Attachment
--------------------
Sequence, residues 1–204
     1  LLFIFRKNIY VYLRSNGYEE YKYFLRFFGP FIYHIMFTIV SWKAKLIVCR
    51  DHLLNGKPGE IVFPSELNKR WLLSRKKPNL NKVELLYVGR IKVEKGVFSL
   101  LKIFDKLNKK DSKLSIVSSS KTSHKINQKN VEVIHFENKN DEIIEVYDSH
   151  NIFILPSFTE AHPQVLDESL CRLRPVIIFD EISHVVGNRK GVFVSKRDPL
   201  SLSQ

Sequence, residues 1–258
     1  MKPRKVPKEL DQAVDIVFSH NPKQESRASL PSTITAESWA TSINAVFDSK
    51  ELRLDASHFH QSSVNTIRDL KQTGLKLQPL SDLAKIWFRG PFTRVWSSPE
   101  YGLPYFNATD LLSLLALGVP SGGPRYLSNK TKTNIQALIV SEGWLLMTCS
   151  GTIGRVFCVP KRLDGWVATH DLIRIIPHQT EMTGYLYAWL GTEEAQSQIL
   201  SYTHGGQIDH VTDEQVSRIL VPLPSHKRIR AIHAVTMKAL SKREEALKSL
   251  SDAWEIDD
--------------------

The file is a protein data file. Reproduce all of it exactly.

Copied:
Sequence, residues 1–204
     1  LLFIFRKNIY VYLRSNGYEE YKYFLRFFGP FIYHIMFTIV SWKAKLIVCR
    51  DHLLNGKPGE IVFPSELNKR WLLSRKKPNL NKVELLYVGR IKVEKGVFSL
   101  LKIFDKLNKK DSKLSIVSSS KTSHKINQKN VEVIHFENKN DEIIEVYDSH
   151  NIFILPSFTE AHPQVLDESL CRLRPVIIFD EISHVVGNRK GVFVSKRDPL
   201  SLSQ

Sequence, residues 1–258
     1  MKPRKVPKEL DQAVDIVFSH NPKQESRASL PSTITAESWA TSINAVFDSK
    51  ELRLDASHFH QSSVNTIRDL KQTGLKLQPL SDLAKIWFRG PFTRVWSSPE
   101  YGLPYFNATD LLSLLALGVP SGGPRYLSNK TKTNIQALIV SEGWLLMTCS
   151  GTIGRVFCVP KRLDGWVATH DLIRIIPHQT EMTGYLYAWL GTEEAQSQIL
   201  SYTHGGQIDH VTDEQVSRIL VPLPSHKRIR AIHAVTMKAL SKREEALKSL
   251  SDAWEIDD